CS 316 (803)
Fundamentals of Web Development
Marcus Schaefer

Course Description

This class will give an introduction to the WWW and how to create web-pages. In particular we will cover HTML, how to generate HTML with Microsoft FrontPage and some introductory Client-Side scripting using JavaScript.


Classes and office hours

The class meets W 5:45-9:00 in Lewis 104.

My office hours are MW 4:00-5:30.

During that time you can find me in the CS&T building, room 739.

If you want to set up an appointment at another time, or simply ask a question,

send email to mschaefer@cdm.depaul.edu.


The required text for this class is Deitel, Deitel, Nieto: Internet and the World Wide Web, Prentice Hall, ISBN 0-13-016143-8. As an optional text (for the HTML part of the class) we suggest  Musciano, Kennedy: HTML, The Definitive Guide, 3rd edition, O'Reilly, ISBN 1-56592-492-4, and (for FrontPage) Buyens: Running Microsoft FrontPage 2000, Microsoft Press, ISBN 1-57231-947-X .


Week 1 and 2

 Internet, History and Development, the WWW, Browsers, Search Engines, HyperText.

Week 2 through 6

 HTML and FrontPage.

Week 7

 Advanced HTML, Dynamic HTML, XML, etc.

Week 8 and 9


Week 10

 Intro to E-commerce.




Assignments will be available through this webpage. Homeworks are due at the beginning of class. Homeworks will not be accepted late.



Questions and Answers


Grades and exams

Homework: 30%, Midterm: 30%, Final Project: 40%.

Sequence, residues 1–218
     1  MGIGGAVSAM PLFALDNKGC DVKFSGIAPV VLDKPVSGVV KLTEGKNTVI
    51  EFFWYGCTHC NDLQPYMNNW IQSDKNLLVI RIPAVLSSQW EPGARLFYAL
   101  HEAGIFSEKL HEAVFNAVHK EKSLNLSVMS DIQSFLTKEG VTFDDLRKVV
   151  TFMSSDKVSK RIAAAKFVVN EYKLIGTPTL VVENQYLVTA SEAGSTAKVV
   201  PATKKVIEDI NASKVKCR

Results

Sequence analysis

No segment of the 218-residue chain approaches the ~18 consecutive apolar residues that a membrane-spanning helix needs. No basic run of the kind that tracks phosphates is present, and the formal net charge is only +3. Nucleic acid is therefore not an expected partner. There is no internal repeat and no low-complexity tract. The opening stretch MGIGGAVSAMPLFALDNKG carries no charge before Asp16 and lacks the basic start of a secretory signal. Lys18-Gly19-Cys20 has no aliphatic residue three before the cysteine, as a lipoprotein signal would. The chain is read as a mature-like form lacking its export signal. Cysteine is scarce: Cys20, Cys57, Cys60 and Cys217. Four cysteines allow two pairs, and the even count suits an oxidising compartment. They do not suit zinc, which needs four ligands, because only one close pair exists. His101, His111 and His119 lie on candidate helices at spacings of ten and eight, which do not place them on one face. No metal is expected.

General Policies


The university and school policy on plagiarism can be summarized as follows: Students in this course, as well as all other courses in which independent research or writing play a vital part in the course requirements, should be aware of the strong sanctions that can be imposed against someone guilty of plagiarism. If proven, a charge of plagiarism could result in an automatic F in the course and possible expulsion. The strongest of sanctions will be imposed on anyone who submits as his/her own work a report, examination paper, computer file, lab report, or other assignment which has been prepared by someone else. If you have any questions or doubts about what plagiarism entails or how to properly acknowledge source materials be sure to consult the instructor.



An incomplete grade is given only for an exceptional reason such as a death in the family, a serious illness, etc. Any such reason must be documented. Any incomplete request must be made at least two weeks before the final, and approved by the Dean of the School of Computer Science, Telecommunications and Information Systems. Any consequences resulting from a poor grade for the course will not be considered as valid reasons for such a request.

Marcus Schaefer
Last updated: January 4, 2000.